The university city of Leiden is one of the oldest and most picturesque cities in the Netherlands. Leiden lies in an extensive floriculture area, whose products are sold in the city and the surrounding region. It is also one of the leading cultural centers in the Netherlands. In addition to its renowned library university, the city is home to a number of other research institutes, including the National Herbarium, with its extensive dry plant collections, and the Royal Institute of Linguistics and Anthropology. Leiden is also known as the birthplace of several great artists of the 16th and 17th centuries. Among them are Lucas van Leyden, Rembrandt, Jan Steen, Jan van Goyen and Frans van Mieris. This selection contains the most outstanding attractions in Leiden that are worth a visit.
Old Leiden Castle
The path to the Old Castle of Leiden leads through the old lock, on which the figure of a lion with the coat of arms of the city is installed. The castle’s 12-meter mound was created specifically for flood protection. The 11th-century fort was protected by a 35-metre-diameter wall contour, as well as two canals, one of which can still be seen at the foot of the hill. There is even a special one-hour tour of the walls. In the 17th century, the tower of the burgomasters was built, who in the period from 1651 to 1764 were also governors of the castle. From the top of the castle offers a panoramic view of the surroundings and other sights of Leiden.
Natural Science Museum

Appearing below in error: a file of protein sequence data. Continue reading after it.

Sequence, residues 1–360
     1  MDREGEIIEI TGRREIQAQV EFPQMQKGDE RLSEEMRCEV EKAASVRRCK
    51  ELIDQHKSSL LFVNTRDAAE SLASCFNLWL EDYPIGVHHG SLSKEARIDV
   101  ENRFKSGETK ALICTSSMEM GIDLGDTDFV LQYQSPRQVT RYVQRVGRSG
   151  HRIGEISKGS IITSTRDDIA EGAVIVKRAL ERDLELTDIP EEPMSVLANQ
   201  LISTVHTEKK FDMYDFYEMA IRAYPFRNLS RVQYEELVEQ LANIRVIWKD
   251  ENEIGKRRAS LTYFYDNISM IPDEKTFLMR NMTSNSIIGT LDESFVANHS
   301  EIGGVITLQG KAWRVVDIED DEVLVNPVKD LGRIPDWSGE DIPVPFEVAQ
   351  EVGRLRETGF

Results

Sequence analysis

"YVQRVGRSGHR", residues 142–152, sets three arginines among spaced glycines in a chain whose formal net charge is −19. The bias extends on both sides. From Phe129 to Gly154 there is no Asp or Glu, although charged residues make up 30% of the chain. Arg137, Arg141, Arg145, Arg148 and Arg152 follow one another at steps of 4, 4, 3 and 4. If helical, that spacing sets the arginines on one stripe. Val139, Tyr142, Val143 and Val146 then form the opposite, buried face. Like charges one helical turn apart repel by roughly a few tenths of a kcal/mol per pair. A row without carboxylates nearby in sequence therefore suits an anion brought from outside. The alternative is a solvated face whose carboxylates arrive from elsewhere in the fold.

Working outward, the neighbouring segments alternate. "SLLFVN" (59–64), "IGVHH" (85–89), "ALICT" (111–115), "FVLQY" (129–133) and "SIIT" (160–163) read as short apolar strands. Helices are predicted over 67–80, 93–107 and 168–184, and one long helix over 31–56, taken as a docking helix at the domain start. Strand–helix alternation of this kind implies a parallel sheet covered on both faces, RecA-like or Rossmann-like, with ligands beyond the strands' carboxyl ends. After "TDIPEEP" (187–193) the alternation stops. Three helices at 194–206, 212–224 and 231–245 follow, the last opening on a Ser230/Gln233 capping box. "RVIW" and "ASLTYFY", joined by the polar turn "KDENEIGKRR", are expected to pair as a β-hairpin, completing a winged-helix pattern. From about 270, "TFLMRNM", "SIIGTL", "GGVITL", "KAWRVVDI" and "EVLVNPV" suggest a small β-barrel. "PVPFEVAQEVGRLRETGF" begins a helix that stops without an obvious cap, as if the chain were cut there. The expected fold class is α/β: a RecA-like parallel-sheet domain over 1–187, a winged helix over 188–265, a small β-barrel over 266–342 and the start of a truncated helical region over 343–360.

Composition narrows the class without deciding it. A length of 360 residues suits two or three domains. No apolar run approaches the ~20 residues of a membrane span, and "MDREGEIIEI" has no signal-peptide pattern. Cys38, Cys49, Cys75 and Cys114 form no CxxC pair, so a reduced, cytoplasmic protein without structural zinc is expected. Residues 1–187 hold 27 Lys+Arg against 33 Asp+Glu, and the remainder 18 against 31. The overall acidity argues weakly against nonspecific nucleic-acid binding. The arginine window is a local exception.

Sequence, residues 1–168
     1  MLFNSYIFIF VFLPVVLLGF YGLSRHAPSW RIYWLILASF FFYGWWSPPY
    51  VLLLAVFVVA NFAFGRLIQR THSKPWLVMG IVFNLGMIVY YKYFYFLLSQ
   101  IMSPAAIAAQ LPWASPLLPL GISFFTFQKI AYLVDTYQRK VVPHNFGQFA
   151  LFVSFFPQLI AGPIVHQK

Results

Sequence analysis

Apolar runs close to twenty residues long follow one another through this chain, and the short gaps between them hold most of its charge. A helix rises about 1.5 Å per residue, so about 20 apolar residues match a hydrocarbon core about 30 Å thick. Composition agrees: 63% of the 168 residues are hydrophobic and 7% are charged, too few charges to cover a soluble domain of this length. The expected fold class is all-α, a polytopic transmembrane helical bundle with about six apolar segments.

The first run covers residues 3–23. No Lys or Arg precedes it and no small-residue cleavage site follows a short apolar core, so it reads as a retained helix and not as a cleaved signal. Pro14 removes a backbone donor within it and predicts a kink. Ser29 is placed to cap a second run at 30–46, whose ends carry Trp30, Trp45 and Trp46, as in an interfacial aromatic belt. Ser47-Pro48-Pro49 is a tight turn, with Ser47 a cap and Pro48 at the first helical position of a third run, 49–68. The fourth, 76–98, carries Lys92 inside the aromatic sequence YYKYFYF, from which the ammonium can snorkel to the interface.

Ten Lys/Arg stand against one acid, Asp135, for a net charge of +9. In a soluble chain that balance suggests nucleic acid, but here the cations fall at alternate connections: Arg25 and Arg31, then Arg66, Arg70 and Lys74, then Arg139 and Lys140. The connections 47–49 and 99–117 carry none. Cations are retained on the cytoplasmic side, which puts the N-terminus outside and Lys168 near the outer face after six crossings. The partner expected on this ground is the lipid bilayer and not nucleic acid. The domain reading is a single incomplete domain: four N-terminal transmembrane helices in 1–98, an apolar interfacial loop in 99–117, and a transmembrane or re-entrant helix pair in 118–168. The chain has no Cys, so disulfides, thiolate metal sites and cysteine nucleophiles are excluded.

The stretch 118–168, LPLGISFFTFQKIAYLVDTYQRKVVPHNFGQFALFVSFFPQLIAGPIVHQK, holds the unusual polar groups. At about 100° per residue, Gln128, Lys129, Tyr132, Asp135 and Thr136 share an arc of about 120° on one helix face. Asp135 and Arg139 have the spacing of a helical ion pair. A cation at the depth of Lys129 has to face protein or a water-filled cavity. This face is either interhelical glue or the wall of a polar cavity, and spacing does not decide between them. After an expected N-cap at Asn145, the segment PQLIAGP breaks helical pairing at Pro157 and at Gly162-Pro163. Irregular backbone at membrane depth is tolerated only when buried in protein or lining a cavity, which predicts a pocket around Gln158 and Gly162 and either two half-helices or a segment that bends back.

The lovely little Boerhaave Museum offers a fascinating look at the history of medicine and science through the ages. Housed in a former monastery, Leiden’s beautiful tourist attraction boasts a large collection of apparatus developed at the University of Leiden for scientific research. The museum is named after the Dutch physician Hermann Boerhav, a renowned botanist and university professor, whose students included Peter the Great and Voltaire. The Natural Science Museum also includes a fascinating collection of carved wooden heads depicting the effects of swallowing medicines, as well as the Leiden Anatomical Theatre, where autopsies were performed. Guided tours in English are available.
National Museum of Antiquities
The National Museum of Antiquities (Rijksmuseum van Oudheden) displays numerous archaeological exhibits from Egypt and the Middle East, as well as artifacts from the Greek and Roman periods. Founded in 1818, this top-notch Leiden landmark includes numerous sculptures, antique vases, and smaller items from prehistoric times to the Romans. In the courtyard of the museum is the Nubian temple of Taffa, presented to the country by President Sadat in 1979 as a token of gratitude for the help of the Netherlands in saving monuments during the construction of the Aswan Dam.